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How to Observe Meteor Showers

To observe a meteor shower, you don't need any telescope or binoculars, just your eyes and glasses if you need them. Having said that, there are a few important things you need to prepare to fully appreciate a meteor shower.

Photo credit: Heather M. Wendelboe created this composite photo of classic autos and Perseid meteors on 10 August 2019, from Nici Self Historical Museum in Centennial, Wyoming, USA. To see more of Heather's work, please visit https://bolo-photo.com ©Heather M. Wendelboe.


Find a Dark Sky Area

Less than 100 years ago, everyone could look up and see a spectacular starry night sky. Now, millions of children across the globe will never experience the Milky Way or see a shooting star where they live.

Finding a dark sky area is key to observe meteor showers but also for general stargazing. Use the Light Pollution Map (LPM) website or the mobile phone app (Android or iOS) to find a nearby dark sky area. That can be a challenge if you live in a very big city.

One of my favorite places is Maraetai Beach, where I organize the Stargazing Lab sessions. This spot is located in a Bortle 4 area.

The following image highlights some stunning locations around Auckland, NZ, ideal for landscape astrophotography and, obviously, also ideal for stargazing and observing meteor showers.

Check the Moon phase

The moonlight and the location of the Moon are very important because they can limit the number of meteors you can see during the session. The more light is coming from the Moon, the more meteors you're going to miss. You can check the Moon phase online on Time and Date website. In addition, applications like SkySafari or PhotoPils provide excellent tools to visualize the position of the Moon and its phase.


Check the peak of activity in your time zone

The activity of meteor showers is scattered over several days, but they usually peak over a short period of time. This precise moment is when Earth goes across the highest density of the wide stream of debris left behind by a comet. If you look for online resources, you will notice that the time and day may change based on your location. I suggest you check on the International Meteor Organization website. They maintain a meteor shower calendar with accurate values of the expected peaks. Once you get the exact moment of the peak, you will need to transform that time to your time zone.

The Meteor Showers website also provides an outstanding graphical animation of the event from different points of view. That is an awesome resource to explain to kids how meteor showers work.


The best suggestion is not to wait for the peak. Instead, try to observe the meteor shower earlier on the same day or even on the previous days.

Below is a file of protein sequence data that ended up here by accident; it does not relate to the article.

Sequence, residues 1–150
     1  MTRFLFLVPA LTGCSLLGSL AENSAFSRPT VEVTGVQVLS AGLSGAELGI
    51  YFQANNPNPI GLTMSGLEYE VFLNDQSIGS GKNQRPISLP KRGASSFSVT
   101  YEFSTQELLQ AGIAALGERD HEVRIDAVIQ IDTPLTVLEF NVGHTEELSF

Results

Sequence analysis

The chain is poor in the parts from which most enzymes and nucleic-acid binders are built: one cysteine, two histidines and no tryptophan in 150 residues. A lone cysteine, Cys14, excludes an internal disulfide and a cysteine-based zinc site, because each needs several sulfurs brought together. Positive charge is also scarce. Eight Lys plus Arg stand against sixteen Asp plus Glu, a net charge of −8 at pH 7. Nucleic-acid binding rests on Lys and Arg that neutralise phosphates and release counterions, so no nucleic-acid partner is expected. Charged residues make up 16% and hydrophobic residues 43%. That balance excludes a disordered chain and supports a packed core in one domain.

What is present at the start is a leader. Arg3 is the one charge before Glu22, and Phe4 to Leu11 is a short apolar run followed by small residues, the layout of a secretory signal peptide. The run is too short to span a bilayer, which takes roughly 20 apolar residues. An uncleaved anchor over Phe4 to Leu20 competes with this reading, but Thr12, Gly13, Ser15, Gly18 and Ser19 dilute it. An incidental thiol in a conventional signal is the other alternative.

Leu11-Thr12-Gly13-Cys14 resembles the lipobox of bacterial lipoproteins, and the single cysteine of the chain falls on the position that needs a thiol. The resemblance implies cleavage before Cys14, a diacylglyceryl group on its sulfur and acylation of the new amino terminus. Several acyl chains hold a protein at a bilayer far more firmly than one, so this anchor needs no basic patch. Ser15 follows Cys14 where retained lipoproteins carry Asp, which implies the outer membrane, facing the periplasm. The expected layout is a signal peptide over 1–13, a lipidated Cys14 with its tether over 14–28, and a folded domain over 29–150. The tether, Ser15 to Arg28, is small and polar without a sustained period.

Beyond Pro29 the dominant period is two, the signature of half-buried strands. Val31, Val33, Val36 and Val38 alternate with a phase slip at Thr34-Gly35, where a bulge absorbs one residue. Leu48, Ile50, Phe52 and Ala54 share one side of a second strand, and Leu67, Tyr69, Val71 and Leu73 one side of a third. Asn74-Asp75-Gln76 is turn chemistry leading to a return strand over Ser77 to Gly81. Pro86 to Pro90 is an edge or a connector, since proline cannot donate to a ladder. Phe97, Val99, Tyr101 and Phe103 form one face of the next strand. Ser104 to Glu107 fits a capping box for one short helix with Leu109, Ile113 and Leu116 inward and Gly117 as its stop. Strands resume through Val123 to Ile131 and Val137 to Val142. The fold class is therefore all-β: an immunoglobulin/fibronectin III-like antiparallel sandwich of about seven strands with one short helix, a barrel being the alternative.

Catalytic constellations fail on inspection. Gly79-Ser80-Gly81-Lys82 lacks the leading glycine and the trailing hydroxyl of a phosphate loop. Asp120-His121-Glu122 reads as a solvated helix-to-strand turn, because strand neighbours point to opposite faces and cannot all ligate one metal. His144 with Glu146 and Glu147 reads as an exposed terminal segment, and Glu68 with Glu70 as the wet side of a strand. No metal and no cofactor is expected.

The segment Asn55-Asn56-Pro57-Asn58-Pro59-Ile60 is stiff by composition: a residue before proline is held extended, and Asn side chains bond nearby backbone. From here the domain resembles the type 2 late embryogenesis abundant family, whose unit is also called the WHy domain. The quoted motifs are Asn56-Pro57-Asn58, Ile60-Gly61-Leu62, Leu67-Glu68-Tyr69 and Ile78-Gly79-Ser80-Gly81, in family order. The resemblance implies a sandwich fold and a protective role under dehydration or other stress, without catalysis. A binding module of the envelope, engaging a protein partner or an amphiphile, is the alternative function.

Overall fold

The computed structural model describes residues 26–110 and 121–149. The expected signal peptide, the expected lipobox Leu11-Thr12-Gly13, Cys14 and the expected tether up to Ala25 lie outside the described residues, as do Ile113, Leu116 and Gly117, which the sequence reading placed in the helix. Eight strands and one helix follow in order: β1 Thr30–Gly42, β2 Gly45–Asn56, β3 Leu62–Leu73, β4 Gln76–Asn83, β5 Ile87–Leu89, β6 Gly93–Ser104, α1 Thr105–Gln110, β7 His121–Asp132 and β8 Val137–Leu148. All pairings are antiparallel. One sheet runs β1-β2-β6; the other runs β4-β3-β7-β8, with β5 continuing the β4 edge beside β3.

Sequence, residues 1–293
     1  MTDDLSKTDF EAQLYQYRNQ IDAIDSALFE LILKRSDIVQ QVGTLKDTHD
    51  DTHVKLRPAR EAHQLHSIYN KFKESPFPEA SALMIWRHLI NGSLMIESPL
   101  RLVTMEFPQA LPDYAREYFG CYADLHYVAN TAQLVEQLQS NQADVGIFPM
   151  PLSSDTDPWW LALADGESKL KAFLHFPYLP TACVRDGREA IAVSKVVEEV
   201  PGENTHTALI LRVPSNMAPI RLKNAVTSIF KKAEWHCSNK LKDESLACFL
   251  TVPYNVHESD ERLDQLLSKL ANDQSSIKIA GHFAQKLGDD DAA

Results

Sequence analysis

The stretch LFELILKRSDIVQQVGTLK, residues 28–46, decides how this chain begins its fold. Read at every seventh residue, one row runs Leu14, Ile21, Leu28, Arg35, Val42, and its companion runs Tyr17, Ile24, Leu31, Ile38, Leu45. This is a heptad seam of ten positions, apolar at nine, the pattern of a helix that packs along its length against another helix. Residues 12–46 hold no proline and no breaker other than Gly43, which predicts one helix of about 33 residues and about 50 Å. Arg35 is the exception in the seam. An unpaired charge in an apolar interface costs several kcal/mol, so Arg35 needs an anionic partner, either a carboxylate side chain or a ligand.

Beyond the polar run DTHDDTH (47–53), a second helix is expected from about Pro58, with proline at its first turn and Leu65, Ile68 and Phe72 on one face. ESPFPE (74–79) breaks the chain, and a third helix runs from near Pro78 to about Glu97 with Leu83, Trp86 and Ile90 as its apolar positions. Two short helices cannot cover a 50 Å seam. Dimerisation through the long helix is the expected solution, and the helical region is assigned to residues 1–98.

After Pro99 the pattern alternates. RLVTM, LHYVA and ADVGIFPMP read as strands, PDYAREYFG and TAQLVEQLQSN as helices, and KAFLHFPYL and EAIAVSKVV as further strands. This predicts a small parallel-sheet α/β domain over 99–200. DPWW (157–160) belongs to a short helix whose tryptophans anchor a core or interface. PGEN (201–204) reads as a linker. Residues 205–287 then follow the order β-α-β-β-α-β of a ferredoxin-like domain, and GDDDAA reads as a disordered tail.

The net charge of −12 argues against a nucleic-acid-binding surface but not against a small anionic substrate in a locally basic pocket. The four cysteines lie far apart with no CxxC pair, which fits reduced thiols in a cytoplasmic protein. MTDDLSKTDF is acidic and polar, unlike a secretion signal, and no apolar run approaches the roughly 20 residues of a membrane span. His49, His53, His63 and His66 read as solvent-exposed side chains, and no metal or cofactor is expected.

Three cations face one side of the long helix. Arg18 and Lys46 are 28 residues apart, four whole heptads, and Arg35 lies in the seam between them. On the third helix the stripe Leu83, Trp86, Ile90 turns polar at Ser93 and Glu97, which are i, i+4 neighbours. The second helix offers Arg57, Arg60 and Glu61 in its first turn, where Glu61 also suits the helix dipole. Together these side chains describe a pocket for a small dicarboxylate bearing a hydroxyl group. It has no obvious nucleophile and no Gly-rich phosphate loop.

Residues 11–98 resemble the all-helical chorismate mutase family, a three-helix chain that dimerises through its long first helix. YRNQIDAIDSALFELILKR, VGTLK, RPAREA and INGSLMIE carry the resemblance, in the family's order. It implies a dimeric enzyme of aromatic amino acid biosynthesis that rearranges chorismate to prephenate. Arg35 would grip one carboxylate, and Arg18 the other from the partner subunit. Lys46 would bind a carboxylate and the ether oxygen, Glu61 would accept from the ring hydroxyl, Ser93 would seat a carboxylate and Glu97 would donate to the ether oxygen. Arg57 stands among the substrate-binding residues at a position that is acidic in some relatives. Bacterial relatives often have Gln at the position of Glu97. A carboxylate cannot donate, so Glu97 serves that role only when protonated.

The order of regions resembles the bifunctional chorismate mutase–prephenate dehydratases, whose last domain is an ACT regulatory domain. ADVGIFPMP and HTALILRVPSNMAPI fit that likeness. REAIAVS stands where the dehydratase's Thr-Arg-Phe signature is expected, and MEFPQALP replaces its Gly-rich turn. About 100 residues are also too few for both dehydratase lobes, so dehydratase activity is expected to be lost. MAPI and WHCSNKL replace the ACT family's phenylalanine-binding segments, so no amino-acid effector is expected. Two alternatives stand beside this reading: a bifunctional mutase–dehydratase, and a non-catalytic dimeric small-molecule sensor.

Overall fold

Get Used to the Dark

Human eyes need around 20 minutes to get used to the dark. After that, the pupils will be wide open to capture more light. If you need some light, consider using red light. Otherwise, your pupils will need some time to re-adapt to the dark again.

Get comfortable

You are going to spend several hours observing the magnificent event. So getting warm and cozy is key to ensure a prolonged observation. That's even more important when you are organizing an event like this with young kids.


Instead of standing around looking at the sky and getting your feet cold, try laying down on an insulated camping mat and getting inside a warm sleeping bag. Alternatively, you can use a hammock or a long reclining chair covered by a blanket.

The temperature will feel well below what the weather forecast says. When you stay still and close to the ground, it's easy to feel quite cold. Consider also grabbing some thermos with hot drinks.

Find the radiant

The meteor showers get their name from the constellation that they seem to radiate. Identifying the location of the meteor shower radiant will help you orientate your eyes to the right spot. Having said that, meteors can leave traces far away from the radiant. Just take this location as a reference and don't focus on a narrow section of the sky. Obviously, if the radiant is below the horizon, you may see some meteors before it rises, but it will be better once the radiant is on its highest elevation.


Count Them!

You can also contribute to Citizen Science as an amateur astronomer by counting the hourly rate of meteors. Visual observing is still fundamental for meteor astronomy. All newcomers to this field are encouraged to become proficient in visual observing before expanding their methods of obtaining meteor data.

Consider following the directions detailed on the International Meteor Organization and add your visual observation to their website.

Good luck and clear skies!

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